Taylor Swift is the corn syrup of the music world. Overly sweet, bland, and just plain unhealthy for you. Before a horde of Taylor Swift fans chastise me with cute, cliché phrases like “Music taste is subjective!” Swift’s music suffers from a very real audio problem: It’s too damn loud.
Don’t get me wrong: Swift’s music isn’t insufferable to the trained ear because it’s pop. The quality of her songs have nothing to do with its genre. Red Hot Chili Pepper’s Californication suffers from the same issue. Same with Oasis’sWhat’s The Story (Morning Glory).
As Bob Dylan famously said in a 2006 interview with Rolling Stone magazine: “You listen to these modern records, they’re atrocious, they have sound all over them. There’s no definition of nothing, no vocal, no nothing, just like… static.”
Okay, so after reading that sentence, you can imagine a befuddled Bob Dylan screaming at you to get off his lawn. Get with the times, Bob. Jeez.
But he isn’t wrong nor is he stuck in the past. There is something different about today’s music—or, at least, mainstream music. It sucks.
The Loudness Wars
As Reddit user Consti mentioned in Reddit’s Today I Learned Community: “The audio levels in recorded music have increased since the early 1990s with many experts saying it leads to reduced sound quality and listener enjoyment. This is known as the ‘Loudness War.’”
In fact, record companies believe that “louder” songs will attract more consumers and bring in more profits.
“The Loudness Wars refers to the competition in audio mastering to get the loudest end product. Because the ear is typically drawn to the loudest thing it hears, it became popular to try to win out for listeners attention by being perceived as being louder,” Patrick Brown, audio producer, mixer, and owner at San Francisco’s Different Fur Studios, tells Upvoted.
How does loud music degrade the listening experience?
After all, ear drum splitting heavy metal of the 1970s is considered classic, refined, and even elegant by music snobs. The opposite of commercial. In fact, rock music in general is synonymous with being loud. Just think of respected bands like Led Zeppelin, the Rolling Stones, or Nirvana.
Here’s the thing: In spite of Kurt Cobain’s screaming vocals and wailing guitar, Nirvana’s music isn’t compressed at one consistent loud music level.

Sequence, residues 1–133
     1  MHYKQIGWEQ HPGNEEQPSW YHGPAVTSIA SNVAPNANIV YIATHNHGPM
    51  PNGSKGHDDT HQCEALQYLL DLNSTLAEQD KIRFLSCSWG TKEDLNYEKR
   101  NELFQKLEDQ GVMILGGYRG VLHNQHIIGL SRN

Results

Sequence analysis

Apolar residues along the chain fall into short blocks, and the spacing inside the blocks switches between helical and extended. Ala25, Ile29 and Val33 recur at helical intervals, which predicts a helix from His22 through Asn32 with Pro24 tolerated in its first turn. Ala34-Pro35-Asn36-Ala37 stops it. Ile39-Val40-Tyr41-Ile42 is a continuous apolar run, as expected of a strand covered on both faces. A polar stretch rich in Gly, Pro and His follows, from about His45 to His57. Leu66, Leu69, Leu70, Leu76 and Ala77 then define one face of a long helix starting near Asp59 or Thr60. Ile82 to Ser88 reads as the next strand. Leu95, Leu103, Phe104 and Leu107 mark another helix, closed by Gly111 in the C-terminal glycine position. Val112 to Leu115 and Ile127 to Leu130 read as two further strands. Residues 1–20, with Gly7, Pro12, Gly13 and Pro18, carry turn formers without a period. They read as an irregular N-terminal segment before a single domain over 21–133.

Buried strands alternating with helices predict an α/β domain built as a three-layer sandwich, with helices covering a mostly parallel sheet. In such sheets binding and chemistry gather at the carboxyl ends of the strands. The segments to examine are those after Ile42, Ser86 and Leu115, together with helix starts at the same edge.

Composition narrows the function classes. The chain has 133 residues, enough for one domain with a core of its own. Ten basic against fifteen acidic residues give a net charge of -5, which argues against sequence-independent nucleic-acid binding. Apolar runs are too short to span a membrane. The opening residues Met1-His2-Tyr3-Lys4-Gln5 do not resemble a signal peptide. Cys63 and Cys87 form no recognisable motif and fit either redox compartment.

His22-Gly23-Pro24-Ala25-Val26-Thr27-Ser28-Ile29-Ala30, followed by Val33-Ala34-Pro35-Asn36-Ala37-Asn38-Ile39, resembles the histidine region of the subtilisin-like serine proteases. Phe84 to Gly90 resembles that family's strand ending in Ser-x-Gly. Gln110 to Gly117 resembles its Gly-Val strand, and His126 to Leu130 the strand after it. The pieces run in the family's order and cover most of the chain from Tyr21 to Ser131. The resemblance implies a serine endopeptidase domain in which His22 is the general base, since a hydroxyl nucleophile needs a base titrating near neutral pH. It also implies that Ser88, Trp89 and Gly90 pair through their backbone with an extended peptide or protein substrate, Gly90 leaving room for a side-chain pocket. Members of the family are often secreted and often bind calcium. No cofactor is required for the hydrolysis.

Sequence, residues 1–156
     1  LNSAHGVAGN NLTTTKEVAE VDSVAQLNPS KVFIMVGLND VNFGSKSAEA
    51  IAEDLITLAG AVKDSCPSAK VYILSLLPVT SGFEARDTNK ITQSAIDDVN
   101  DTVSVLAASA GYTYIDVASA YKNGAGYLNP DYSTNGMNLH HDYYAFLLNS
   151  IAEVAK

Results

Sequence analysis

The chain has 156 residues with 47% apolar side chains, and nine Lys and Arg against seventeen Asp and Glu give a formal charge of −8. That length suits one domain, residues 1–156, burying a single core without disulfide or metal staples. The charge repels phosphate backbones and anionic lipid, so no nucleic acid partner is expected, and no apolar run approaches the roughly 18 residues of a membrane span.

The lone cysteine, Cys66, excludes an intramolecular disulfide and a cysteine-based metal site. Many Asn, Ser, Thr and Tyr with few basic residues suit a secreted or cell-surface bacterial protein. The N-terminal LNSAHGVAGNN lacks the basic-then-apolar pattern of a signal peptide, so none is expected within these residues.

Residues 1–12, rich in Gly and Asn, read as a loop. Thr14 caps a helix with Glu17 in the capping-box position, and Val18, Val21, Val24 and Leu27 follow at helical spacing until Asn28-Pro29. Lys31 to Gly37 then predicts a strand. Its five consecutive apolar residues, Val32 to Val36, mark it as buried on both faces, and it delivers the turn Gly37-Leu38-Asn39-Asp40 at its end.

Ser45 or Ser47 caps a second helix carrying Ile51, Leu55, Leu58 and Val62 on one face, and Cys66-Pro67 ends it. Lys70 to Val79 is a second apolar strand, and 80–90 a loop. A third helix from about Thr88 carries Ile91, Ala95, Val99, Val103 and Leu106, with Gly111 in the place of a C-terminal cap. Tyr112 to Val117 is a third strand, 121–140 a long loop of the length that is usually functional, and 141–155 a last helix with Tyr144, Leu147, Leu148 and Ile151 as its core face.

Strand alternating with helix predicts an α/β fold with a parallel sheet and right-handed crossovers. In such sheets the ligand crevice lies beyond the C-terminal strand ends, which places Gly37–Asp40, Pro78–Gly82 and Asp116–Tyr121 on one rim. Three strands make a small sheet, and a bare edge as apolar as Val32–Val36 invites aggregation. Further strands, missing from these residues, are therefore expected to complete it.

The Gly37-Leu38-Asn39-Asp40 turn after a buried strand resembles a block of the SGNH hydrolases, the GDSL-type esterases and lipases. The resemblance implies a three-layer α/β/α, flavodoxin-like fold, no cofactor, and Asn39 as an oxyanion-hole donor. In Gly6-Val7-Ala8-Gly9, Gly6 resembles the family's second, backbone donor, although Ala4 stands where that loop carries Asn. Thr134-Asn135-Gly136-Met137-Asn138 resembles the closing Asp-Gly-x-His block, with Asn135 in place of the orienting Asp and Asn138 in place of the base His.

Instead, the music is dynamic. Some parts are soft. Some parts are loud. The music builds to a crescendo. You can hear the nuances and details of the instruments as specific sounds grow to fill up more space. This creates a very raw composition.
Listen to the same dramatic fall and rise in classical music.
And the Pixies:
Now listen to how different “Smells Like Teen Spirit” sounds without those dynamics, when it’s compressed at one, loud level.
It’s flat and lifeless. The music is muddled and detail is lost. You can’t even hear the individual instruments clearly, instead, it all just blends together in a jarring—but not punk-rock-jarring—way.
“Music isn’t meant to be at a consistent volume and flat frequency. It’s meant to be dynamic, to move, to fall and rise and to take you with it, physically and emotionally. Otherwise it literally is just background noise,” says mastering engineer Bob Katz in an interview with the Quietus.
And as engineer Patrick Brown says, “Absolutely everything you hear on the radio is compressed. I would say that it has become the norm.”
And this is regardless of musical genre. In the following infographic, you’ll notice that Metallica’s older albums are less compressed than their newer albums.
I guess record companies are desperately chasing profits. Here’s the funny thing: Studies have shown that there is no connection between volume and sales. In other words, compressing albums to a uniform loud level, doesn’t seduce buyers. It may even turn them off, according to Brown. He says it can even cause “ear fatigue.”
“There was a period of time before I became an engineer where, as a listener, I noticed that 2Pac’s later records were significantly louder and I liked it. I also noticed that after a while my ears would get tired and I would need to turn it off,” Brown explains.
“It may grab your attention more effectively at the start, but it’s ultimately easier to ignore too. All music becomes background music if it’s at one flat level, no matter how loud. And flat, hypnotic background music is a form of social control:
“By the time you’ve listened closely (or tried to) to a whole album that’s heavily compressed, you end up feeling like Alex at the end of A Clockwork Orange—battered, fatigued by, and disgusted with the music you love.”
Heavily compressing songs will corrupt its sound quality. It’s almost like microwaving a filet mignon—no matter how good the song is, shoddy production values will ruin it. Of course, I’m not comparing Taylor Swift to a filet mignon. Her music will always be on par with McDonald’s. (Yep. I said it.)
Julian Ludwig é diretor do Pro Áudio Clube, produtora de áudio Jacarandá, Loc On Demand e Jacarandá Licensing. Trabalhou para empresas como: Guaraná Antartica, TV Gazeta, NET, Chivas Regal, FNAC, Prefeitura de São Paulo, Mukeca Filmes, Agência LEW’LARA TBWA, Agencia MPM, Agência Content House entre outras. Fez trilhas para programas de TV como: Internet-se (Rede TV), Você Bonita (TV Gazeta), Mix Mulher (TV Gazeta), Os Impedidos (TV Gazeta), Estação Pet (TV Gazeta), CQC (TV Band) Vinheta Oficial TV Gazeta, entre outras. Também atuou em vários longas e curtas metragens, incluindo mixagem em 5.1 e serviços de pós-produção.